Definitions of walrus

  1. either of two large northern marine mammals having ivory tusks and tough hide over thick blubber
  2. A very large marine mammal ( Trichecus rosmarus) of the Seal family, native of the Arctic Ocean. The male has long and powerful tusks descending from the upper jaw. It uses these in procuring food and in fighting. It is hunted for its oil, ivory, and skin. It feeds largely on mollusks. Called also morse.
  3. A marine carnivorous mammal, the single species constituting a genus Trichecus, as well as the family Trichecidae, and belonging, with its allies the seals, to the Pinnigrade section of the order Carnivora. The walrus ( T. rosmarus), which is also known as the morse, sea- horse, and sea- cow, is distinguished by its round head, small mouth and eyes, thick lips, short neck, body thick in the middle and tapering towards the tail, wrinkled skin with short yellowish hairs thinly dispersed over it. The legs are short and loosely articulated; the five toes on each foot are connected by webs. The upper canine teeth are enormously developed in the adults, constituting two large pointed tusks directed downwards and slightly outwards, projecting considerably below the chin, and measuring usually 12 to 15 inches in length, sometimes even 2 feet and more. There are no external ears. The animal exceeds the largest ox in size, attaining a length of 20 feet. The walrus is gregarious but shy, and very fierce when attacked. It inhabits the shores of Spitzbergen, Hudson's Bay, and other places in high northern latitudes, where it is hunted by whalers for its blubber, which yields excellent oil; for its skin, which is made into a valuable thick and durable leather; and for its tusks, the ivory of which, though coarse grained, is compact, and is employed in the arts.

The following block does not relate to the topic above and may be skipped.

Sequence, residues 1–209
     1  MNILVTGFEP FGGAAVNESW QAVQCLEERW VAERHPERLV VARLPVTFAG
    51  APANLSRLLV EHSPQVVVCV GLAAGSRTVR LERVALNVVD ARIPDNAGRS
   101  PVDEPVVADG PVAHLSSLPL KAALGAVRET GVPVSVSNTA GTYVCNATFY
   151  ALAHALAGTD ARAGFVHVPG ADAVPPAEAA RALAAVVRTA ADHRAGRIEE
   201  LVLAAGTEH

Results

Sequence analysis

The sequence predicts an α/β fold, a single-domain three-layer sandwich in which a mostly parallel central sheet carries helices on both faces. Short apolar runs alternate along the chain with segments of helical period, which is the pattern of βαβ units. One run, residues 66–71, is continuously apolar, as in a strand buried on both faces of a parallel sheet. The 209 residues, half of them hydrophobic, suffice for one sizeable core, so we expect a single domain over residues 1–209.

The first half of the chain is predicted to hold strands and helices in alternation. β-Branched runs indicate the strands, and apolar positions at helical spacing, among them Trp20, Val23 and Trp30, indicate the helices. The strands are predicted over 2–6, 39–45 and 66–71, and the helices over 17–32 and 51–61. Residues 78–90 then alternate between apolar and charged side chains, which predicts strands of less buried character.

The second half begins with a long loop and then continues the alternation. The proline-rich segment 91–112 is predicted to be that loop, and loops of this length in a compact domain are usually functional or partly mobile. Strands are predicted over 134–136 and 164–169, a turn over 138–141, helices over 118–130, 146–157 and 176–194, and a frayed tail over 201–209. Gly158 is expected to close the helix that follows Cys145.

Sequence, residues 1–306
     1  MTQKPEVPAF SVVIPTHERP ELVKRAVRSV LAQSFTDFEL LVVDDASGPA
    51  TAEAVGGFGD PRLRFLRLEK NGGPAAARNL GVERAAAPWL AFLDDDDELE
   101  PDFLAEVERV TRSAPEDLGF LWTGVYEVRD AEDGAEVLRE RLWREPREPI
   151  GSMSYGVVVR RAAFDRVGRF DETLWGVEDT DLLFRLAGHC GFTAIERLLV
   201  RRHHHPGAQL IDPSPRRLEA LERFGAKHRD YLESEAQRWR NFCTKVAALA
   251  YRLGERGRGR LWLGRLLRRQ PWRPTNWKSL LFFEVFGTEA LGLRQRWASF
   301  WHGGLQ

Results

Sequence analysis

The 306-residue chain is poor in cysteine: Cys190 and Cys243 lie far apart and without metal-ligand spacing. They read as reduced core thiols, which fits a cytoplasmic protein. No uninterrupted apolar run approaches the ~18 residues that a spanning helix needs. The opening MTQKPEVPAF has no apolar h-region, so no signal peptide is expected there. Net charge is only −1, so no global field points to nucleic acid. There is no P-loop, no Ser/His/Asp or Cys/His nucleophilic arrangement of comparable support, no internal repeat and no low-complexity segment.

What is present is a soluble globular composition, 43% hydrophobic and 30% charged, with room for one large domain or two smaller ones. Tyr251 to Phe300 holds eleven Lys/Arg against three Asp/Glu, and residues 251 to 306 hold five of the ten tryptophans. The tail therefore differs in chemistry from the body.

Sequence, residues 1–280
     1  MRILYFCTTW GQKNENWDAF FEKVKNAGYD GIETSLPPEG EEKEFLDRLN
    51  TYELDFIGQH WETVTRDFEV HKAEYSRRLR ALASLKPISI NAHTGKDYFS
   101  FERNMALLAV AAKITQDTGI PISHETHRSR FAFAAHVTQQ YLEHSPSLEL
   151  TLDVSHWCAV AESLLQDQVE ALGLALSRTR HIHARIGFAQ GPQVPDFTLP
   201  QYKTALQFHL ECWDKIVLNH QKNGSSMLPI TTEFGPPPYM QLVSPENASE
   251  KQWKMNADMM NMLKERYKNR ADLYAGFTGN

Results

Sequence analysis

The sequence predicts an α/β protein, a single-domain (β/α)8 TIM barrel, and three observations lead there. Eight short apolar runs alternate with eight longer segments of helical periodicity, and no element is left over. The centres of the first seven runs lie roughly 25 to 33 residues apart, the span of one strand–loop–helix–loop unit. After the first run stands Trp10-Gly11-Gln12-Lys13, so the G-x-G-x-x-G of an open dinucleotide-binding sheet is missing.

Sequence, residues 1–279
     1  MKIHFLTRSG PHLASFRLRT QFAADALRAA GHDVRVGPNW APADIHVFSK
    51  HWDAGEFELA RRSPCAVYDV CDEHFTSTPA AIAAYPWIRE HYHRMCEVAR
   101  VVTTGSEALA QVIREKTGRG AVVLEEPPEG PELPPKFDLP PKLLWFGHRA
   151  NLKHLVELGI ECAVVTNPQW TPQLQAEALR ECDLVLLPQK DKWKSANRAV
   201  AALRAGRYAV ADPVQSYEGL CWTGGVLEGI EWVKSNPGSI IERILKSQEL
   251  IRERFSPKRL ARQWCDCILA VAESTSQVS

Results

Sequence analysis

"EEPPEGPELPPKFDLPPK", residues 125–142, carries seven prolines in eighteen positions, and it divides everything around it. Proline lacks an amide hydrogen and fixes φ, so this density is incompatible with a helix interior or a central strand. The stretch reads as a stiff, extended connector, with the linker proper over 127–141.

4. The morse or sea- horse, a large amphibious and carnivorous mammal of the Arctic seas.
  5. A very large marine mammal ( Trichecus rosmarus) of the Seal family, native of the Arctic Ocean. The male has long and powerful tusks descending from the upper jaw. It uses these in procuring food and in fighting. It is hunted for its oil, ivory, and skin.
  6. The sea- horse or morse, inhabiting the arctic seas, attaining the length of twenty feet, and sought for on account of its oil and tusks.
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